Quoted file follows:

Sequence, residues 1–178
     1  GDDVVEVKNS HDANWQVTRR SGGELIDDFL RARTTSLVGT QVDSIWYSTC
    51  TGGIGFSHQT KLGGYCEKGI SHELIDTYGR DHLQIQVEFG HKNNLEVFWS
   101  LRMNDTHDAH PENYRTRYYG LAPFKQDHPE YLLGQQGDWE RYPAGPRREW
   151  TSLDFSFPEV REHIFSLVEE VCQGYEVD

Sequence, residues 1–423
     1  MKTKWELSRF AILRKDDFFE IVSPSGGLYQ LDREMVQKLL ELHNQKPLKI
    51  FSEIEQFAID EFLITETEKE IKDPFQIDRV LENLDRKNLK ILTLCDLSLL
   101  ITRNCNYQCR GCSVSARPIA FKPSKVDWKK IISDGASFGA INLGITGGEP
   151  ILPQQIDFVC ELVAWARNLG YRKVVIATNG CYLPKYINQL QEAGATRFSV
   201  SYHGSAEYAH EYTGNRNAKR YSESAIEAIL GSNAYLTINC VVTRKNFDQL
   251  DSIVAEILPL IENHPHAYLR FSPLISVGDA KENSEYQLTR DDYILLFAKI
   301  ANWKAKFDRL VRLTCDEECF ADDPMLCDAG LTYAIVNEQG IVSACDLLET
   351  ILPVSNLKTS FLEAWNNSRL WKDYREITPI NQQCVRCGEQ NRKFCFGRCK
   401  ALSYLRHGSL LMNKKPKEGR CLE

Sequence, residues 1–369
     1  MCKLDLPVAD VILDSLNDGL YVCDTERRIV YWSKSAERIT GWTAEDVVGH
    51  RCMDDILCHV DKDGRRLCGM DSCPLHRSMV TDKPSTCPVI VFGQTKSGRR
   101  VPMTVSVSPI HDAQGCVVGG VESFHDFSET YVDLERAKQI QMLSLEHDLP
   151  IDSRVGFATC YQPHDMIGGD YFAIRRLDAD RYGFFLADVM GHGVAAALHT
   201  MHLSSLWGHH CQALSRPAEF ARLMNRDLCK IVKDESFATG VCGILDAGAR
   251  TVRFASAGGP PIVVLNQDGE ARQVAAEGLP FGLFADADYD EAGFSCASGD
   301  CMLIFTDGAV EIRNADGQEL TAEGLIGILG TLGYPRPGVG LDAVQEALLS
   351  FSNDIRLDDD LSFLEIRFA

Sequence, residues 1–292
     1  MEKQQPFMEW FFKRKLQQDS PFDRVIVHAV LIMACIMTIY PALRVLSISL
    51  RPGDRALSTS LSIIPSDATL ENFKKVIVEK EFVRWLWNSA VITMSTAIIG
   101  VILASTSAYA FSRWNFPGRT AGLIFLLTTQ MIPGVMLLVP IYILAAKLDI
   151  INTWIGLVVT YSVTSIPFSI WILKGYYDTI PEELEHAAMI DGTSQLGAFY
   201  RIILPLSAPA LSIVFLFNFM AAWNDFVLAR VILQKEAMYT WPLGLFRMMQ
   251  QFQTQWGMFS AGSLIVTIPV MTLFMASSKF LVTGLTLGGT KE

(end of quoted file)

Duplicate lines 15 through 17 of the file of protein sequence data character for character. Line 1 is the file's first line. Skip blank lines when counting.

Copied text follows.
   401  ALSYLRHGSL LMNKKPKEGR CLE

Sequence, residues 1–369
     1  MCKLDLPVAD VILDSLNDGL YVCDTERRIV YWSKSAERIT GWTAEDVVGH